March 2, 2024

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Bee hives cause unnecessary suffering during winter: “Inadequate design causes honey bee deaths” |  Science and the planet

Bee hives cause unnecessary suffering during winter: “Inadequate design causes honey bee deaths” | Science and the planet

New search It shows that honey bees have unnecessary difficulties surviving the winter in their hives. It is possible that misinterpretation of their behavior led to incorrect design of the beehives. As a result, insects have had to face suffering and death in winter for more than a century.

Honeybees (Apis mellifera) do not hibernate but remain active and warm by feeding on their honey supply. In the wild, the animals hibernate in tree cavities, which, thanks to their thick walls, provide enough shelter to keep the colony partially or completely at temperatures above 18°C. Even at temperatures well below freezing, insects stay warm this way. However, most knowledge about honeybee behavior in winter is based not on observations from the wild, but from beehives.

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Honeybees (Apis mellifera) do not hibernate but stay active and warm by feeding on their honey supply. © Getty Images

In these hives, bees congregate close together in combs or groups between honeycombs during the winter. The center of these groups is called the nucleus. There the bees disperse, eat honey and produce heat. This allows the cluster nuclei to reach around 18°C. As you move away from the center, the combs become more compact and the temperature drops because the bees cannot generate enough heat. Therefore the outer layers of the cluster, also called the mantle, can cool significantly, causing the honeybees to die.

Since the beginning of the last century, this behavior has been considered normal and necessary, both by beekeepers and academics. It was assumed that the mantle sits around the core like an insulating blanket and thus protects the colony from the cold. Since clusters formed in beehives even when the temperature reached -30 °C outside, it was assumed that this form of housing was sufficient for the insects.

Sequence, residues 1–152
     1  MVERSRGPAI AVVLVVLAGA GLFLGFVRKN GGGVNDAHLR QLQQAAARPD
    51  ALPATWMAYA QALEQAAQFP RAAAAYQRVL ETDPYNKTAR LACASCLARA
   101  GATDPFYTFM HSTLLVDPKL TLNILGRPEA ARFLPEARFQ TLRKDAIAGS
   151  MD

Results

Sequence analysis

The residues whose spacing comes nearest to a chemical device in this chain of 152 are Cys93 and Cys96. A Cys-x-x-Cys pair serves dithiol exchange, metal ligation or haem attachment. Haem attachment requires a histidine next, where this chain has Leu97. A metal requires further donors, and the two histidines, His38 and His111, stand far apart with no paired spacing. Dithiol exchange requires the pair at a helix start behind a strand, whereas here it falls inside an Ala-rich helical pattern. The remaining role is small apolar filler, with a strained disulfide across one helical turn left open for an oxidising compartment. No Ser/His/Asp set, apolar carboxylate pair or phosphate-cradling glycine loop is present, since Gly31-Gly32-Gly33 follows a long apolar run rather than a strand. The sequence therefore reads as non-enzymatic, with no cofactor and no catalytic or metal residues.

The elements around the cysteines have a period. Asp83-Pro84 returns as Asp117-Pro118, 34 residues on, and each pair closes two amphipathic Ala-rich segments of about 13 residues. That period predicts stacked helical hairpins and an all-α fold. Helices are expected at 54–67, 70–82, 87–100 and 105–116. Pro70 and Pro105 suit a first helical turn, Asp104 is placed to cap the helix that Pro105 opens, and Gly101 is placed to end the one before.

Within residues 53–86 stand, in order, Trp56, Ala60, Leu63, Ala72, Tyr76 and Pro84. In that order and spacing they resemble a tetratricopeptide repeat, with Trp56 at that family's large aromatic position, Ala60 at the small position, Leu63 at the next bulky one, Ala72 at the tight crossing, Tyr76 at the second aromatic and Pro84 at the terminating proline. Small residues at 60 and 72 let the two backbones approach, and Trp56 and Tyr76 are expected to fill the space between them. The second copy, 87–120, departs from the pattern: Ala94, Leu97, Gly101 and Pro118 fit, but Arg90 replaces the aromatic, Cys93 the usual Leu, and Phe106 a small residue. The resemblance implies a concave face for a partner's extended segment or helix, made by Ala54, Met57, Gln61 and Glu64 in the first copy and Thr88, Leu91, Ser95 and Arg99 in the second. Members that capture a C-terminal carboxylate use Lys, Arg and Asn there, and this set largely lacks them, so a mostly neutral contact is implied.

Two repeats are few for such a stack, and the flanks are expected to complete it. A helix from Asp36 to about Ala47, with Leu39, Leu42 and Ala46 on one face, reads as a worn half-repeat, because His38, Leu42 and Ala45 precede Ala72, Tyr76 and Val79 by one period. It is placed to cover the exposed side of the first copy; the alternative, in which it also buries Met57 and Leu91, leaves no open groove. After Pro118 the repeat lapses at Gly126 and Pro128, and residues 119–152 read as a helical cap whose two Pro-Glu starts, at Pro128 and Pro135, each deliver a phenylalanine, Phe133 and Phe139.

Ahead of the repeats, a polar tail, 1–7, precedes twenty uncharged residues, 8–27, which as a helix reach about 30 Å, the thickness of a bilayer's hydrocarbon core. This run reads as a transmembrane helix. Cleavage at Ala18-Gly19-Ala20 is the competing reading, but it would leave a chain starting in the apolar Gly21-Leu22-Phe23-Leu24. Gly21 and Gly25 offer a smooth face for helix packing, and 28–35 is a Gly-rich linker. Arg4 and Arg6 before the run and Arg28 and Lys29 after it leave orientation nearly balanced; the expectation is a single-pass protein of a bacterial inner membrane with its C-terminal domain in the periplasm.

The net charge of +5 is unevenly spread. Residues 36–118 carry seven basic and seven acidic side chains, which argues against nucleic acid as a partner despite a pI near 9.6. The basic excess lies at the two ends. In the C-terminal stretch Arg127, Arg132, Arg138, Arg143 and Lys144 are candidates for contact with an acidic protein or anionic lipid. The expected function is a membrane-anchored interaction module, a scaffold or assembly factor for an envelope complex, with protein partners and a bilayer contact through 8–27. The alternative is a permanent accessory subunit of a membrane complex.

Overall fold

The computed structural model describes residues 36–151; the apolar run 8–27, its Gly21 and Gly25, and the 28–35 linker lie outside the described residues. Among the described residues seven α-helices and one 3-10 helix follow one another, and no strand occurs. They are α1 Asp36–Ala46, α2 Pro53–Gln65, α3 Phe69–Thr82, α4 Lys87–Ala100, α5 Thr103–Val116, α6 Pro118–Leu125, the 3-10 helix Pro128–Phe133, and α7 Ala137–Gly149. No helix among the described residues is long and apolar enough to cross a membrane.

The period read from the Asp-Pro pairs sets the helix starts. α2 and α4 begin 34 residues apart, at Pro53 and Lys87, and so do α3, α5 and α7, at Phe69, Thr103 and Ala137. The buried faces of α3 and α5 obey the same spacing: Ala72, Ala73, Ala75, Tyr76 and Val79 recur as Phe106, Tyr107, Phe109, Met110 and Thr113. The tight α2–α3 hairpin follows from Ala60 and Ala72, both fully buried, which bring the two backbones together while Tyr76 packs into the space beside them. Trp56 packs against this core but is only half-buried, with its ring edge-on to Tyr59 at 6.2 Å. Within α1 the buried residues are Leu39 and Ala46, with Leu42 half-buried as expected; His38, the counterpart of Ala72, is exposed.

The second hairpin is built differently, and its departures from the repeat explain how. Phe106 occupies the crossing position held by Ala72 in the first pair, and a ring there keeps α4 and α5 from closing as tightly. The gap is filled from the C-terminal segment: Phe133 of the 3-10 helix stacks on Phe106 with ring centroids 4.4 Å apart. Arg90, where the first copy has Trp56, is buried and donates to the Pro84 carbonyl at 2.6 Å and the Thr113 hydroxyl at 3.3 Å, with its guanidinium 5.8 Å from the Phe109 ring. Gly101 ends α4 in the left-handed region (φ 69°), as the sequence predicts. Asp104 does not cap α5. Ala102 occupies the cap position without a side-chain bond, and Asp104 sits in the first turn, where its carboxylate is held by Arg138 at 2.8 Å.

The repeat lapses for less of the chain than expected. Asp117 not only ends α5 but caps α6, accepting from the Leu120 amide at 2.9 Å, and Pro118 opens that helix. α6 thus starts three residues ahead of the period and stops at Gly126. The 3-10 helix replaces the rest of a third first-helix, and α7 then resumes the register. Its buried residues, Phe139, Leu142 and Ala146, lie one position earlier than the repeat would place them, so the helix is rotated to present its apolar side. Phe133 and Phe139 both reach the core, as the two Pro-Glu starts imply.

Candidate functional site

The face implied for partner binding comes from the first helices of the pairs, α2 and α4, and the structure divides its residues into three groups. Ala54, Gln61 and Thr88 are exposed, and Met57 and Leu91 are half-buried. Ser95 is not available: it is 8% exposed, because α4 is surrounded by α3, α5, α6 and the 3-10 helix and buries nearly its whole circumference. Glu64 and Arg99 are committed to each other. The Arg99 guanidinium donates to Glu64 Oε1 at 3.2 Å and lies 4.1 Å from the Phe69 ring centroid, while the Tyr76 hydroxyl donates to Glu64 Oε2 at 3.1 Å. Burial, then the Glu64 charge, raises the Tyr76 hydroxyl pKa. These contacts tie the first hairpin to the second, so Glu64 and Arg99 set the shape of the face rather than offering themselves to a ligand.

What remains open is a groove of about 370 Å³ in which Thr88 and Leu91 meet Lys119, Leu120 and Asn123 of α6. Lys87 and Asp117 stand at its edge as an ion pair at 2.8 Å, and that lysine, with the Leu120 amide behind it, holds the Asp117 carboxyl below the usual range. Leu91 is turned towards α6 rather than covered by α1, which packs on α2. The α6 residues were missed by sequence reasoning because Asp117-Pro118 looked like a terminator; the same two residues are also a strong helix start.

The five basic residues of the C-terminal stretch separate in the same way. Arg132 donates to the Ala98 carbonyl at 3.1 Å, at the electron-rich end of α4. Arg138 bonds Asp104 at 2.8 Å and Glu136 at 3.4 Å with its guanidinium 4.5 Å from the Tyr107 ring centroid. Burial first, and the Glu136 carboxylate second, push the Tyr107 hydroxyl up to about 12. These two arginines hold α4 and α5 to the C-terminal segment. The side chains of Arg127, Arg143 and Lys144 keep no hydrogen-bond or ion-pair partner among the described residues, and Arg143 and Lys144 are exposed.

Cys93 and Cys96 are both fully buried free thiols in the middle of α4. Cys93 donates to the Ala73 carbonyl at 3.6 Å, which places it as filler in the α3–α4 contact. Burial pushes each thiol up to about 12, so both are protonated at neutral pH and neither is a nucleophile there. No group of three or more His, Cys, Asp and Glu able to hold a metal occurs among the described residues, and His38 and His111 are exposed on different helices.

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The insulation of the beehive is poor, which means that the heat dissipates much faster, causing stress and sometimes high mortality.
The insulation of the beehive is poor, which means that the heat dissipates much faster, causing stress and sometimes high mortality. © Getty Images/Westend61

However, a recent study offers new insight. After all, the jacket will not only serve as insulation, but will ensure the cooling of the block. When the temperature in the environment drops, the bees in the outer layers become too cold and stop producing heat. In order not to die, they must maintain their body temperature above 10 degrees Celsius, which they can only do by absorbing heat from other bees. Therefore, the animals in the mantle crawl toward the core, toward their honey-eating colony mates.

This causes the outer layers of the block to become increasingly compressed, which has serious consequences. The closer the bees are to each other, the greater the thermal conductivity. On the one hand, this ensures that heat from the core reaches the mantle more easily, but on the other hand, it is also released more quickly to the air outside the mass. Cold days therefore create a more compact mass that loses heat faster.

The use of thin-walled beehives is no longer responsible

In the wild, this mechanism usually does not cause major problems. The walls of cavities in large trees can be tens of centimeters thick and form an extensive barrier to outside air. Heat from the colony is therefore difficult to escape and aggregation is usually not necessary. But the walls of wooden beehives are much thinner, often about two centimeters. Consequently, insulation is poor and heat dissipates much faster, causing stress and sometimes high mortality.

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The research concludes that it is no longer responsible to use thin-walled wooden beehives. They cause clusters, leading to unnecessary suffering. So it would be better to replace them with more insulated frame cabinets. One possibility is to use a few centimeters of polystyrene instead of wood.

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